The controversial Trans Mountain pipeline system in western Canada will not be cost-effective for the Canadian government, according to a new report on the financial value of the project released Wednesday by the Parliamentary Budget Officer (PBO).
“The government’s 2018 decision to acquire, expand, operate and then divest the assets of the Trans Mountain pipeline system will result in a net loss to the federal government,” concluded the PBO, which is mandated to provide independent economic and financial analysis for Canadian parliamentarians.
Trans Mountain causes an outcry
Long sought by Alberta’s oil industry but opposed by environmentalists and aboriginal communities in neighbouring British Columbia, the expansion of the Trans Mountain pipeline has caused an uproar in recent years.
The project involves doubling the pipeline’s line to triple the capacity to transport oil from the Alberta oil sands to the Pacific coast for export, to serve markets in Asia and elsewhere.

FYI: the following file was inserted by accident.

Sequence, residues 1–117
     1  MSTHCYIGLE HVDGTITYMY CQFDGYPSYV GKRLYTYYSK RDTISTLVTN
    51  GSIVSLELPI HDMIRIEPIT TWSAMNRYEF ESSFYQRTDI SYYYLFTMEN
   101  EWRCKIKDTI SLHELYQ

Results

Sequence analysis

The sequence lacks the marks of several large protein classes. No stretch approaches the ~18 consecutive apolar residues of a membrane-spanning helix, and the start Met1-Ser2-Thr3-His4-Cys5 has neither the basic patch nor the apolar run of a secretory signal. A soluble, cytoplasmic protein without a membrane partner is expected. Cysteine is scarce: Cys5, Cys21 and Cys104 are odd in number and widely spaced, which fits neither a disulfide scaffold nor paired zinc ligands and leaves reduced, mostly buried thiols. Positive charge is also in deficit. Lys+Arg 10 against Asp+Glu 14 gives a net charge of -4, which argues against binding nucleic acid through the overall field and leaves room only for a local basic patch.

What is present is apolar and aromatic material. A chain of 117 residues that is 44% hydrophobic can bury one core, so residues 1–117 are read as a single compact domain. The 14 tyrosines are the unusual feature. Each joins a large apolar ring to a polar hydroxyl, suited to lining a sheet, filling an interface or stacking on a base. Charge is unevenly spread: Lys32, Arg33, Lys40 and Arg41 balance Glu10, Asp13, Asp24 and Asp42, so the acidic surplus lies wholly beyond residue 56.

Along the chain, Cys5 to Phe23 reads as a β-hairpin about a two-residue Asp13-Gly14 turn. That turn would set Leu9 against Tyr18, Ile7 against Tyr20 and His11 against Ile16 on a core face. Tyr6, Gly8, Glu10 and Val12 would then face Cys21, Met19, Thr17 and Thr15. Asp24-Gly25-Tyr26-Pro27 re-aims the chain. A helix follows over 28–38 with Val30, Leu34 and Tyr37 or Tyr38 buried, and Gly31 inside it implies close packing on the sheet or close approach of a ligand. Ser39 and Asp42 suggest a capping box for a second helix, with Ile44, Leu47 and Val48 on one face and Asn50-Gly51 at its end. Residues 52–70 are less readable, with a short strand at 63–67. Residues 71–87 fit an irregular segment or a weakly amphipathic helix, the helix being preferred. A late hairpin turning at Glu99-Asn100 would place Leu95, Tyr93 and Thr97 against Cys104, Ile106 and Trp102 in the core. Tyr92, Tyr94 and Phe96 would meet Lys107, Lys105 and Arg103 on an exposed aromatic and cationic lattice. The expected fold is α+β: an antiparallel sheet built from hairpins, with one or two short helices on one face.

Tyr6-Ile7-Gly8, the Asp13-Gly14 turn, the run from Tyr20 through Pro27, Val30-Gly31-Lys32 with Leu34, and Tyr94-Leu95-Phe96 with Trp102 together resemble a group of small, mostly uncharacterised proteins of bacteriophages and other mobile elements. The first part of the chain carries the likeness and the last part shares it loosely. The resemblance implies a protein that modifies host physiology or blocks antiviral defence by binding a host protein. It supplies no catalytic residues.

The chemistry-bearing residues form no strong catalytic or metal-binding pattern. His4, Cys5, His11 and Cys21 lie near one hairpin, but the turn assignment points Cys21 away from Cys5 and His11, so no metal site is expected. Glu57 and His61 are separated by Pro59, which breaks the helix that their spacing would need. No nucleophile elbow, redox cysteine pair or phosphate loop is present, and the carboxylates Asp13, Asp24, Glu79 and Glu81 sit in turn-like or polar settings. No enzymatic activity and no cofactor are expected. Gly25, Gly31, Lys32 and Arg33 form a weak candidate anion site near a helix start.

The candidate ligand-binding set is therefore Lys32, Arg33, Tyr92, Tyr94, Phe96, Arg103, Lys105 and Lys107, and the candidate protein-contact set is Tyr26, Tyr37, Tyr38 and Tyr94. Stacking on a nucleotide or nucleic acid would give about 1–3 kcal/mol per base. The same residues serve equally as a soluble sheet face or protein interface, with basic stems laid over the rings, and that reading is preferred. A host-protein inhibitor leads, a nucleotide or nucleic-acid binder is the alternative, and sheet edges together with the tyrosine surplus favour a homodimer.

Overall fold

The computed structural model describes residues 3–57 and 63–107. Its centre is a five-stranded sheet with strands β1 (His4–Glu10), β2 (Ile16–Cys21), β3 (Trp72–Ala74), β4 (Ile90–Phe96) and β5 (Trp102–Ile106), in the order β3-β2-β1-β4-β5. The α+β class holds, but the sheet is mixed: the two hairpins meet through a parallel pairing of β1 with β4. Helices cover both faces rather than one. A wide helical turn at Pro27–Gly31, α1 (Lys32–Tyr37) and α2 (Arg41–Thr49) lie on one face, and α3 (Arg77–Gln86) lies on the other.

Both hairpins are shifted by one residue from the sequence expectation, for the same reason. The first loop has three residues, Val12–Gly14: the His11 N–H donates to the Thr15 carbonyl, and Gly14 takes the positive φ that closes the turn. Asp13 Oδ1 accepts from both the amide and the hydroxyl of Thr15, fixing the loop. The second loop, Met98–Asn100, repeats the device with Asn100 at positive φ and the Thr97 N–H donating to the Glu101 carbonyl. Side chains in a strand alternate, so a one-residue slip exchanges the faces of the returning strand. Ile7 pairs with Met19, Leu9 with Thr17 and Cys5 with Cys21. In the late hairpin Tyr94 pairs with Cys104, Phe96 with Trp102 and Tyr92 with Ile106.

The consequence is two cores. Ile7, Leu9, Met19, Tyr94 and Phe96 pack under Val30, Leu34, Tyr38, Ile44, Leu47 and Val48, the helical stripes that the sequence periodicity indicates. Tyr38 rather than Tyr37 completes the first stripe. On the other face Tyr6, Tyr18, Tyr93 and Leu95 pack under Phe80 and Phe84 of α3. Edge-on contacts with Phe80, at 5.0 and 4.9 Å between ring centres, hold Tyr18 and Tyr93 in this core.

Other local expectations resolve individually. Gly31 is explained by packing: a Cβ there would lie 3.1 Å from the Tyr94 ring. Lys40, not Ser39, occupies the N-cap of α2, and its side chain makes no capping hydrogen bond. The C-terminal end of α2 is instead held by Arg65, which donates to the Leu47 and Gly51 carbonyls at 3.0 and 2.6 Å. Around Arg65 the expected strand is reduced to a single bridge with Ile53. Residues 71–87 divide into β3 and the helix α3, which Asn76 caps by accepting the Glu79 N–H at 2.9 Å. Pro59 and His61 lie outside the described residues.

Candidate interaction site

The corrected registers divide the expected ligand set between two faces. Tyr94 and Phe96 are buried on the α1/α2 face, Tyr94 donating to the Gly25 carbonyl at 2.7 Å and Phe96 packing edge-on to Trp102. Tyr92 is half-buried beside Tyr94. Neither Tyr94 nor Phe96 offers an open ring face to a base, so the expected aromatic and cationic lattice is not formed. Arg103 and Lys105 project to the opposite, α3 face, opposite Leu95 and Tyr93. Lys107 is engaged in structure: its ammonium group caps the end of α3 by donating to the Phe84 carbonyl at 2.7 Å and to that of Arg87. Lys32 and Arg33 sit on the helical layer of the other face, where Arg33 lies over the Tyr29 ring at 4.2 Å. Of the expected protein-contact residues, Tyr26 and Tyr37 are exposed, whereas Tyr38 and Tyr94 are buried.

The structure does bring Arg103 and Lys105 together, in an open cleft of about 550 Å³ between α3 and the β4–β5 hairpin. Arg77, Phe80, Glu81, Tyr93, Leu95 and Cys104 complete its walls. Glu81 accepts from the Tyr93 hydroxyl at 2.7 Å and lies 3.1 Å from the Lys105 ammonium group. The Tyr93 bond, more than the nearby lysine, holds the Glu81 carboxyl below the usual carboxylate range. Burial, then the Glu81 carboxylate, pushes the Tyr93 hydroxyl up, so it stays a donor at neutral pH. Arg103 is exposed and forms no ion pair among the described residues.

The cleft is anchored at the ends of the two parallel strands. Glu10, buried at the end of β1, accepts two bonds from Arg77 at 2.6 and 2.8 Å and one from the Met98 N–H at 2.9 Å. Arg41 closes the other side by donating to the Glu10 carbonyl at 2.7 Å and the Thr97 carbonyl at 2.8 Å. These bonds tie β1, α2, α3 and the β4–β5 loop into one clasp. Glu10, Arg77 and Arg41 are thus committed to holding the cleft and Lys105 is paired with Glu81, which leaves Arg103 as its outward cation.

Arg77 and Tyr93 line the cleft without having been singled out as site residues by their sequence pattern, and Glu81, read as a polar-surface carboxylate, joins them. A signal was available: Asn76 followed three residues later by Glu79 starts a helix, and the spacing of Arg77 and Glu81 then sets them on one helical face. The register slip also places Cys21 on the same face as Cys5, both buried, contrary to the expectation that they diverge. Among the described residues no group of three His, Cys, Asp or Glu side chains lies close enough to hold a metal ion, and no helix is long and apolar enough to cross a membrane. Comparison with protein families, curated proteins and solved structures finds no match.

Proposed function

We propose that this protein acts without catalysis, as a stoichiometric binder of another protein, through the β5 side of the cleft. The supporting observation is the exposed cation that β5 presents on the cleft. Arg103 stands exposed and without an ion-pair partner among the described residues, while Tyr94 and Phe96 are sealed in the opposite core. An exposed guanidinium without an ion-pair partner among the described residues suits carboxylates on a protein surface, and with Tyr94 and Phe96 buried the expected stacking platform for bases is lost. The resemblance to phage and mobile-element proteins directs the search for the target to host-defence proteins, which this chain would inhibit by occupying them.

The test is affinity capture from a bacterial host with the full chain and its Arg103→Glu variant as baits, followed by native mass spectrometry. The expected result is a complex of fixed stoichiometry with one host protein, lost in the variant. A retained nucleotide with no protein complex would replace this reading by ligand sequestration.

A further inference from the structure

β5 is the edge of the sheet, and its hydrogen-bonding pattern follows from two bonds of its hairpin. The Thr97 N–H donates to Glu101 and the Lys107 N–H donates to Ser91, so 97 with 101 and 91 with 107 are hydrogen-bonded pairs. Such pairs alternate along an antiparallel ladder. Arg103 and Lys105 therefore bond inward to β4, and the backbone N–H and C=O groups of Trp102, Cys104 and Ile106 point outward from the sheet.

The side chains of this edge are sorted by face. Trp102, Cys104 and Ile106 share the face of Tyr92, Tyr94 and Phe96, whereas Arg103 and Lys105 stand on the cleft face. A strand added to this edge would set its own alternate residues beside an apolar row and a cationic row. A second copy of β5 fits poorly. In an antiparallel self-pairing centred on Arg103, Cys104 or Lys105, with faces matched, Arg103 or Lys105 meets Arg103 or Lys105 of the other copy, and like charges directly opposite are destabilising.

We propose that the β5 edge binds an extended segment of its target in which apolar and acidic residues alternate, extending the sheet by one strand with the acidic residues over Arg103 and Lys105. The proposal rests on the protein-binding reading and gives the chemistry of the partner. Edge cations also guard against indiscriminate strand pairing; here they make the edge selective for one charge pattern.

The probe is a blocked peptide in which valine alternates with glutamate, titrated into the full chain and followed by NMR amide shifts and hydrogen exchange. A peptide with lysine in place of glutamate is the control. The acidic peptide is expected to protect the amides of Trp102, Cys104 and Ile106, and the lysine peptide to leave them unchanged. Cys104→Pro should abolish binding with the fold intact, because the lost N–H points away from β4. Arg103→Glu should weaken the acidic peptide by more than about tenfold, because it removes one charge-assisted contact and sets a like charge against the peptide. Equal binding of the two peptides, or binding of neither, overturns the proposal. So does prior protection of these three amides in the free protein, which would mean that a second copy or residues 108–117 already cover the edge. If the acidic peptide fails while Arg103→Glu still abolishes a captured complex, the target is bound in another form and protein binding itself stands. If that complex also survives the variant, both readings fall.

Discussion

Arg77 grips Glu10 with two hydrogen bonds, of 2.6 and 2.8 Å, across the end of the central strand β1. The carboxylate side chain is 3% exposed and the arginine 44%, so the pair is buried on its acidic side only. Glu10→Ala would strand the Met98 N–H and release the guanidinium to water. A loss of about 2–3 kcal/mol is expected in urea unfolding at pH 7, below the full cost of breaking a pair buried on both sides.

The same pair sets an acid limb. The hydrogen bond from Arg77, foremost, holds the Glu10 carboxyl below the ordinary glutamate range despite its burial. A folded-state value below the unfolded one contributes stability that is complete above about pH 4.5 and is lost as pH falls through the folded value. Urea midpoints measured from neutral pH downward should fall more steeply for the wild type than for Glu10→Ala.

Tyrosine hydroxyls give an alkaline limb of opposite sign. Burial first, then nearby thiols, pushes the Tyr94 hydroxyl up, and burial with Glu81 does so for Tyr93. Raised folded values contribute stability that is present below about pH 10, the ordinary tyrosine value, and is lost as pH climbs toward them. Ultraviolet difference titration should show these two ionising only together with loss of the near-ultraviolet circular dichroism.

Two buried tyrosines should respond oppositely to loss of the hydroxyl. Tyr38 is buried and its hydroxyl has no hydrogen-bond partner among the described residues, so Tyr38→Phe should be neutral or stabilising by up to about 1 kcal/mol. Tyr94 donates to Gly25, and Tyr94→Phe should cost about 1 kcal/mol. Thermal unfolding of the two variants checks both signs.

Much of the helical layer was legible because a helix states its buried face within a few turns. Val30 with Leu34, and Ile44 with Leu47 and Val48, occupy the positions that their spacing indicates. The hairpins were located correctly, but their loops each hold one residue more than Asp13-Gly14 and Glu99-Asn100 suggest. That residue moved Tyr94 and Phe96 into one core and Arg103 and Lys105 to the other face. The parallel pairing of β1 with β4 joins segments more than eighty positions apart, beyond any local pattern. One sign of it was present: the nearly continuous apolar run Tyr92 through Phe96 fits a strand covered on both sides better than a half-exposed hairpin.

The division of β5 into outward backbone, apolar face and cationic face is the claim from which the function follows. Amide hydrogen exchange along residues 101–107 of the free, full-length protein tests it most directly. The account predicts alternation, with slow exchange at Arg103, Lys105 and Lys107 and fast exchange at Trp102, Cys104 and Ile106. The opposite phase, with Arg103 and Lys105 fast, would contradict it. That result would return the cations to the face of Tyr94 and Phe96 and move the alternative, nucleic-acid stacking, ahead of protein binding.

Convinced of the “national interest” of this project, which was first proposed by the private sector, Justin Trudeau’s government bought it four years ago for 4.4 billion Canadian dollars, causing an outcry from environmental groups.
Towards a cancellation of the project?
But due to “increased construction costs and a delayed in-service date” for the pipeline, Trans Mountain now has an estimated value of $3.9 billion, according to this new PBO report. Back in February, the state-owned Trans Mountain announced that the cost of expanding the pipeline through the Rockies had soared by 70%, from 12.6 billion Canadian dollars to 21.4 billion (15.64 billion euros).
In his report, the Parliamentary Budget Officer mentions the possibility of cancelling the project, although work has already begun. “In such a scenario, the government would have to write off assets worth more than $14 billion,” it says, which would “result in significant financial losses” to the Canadian government.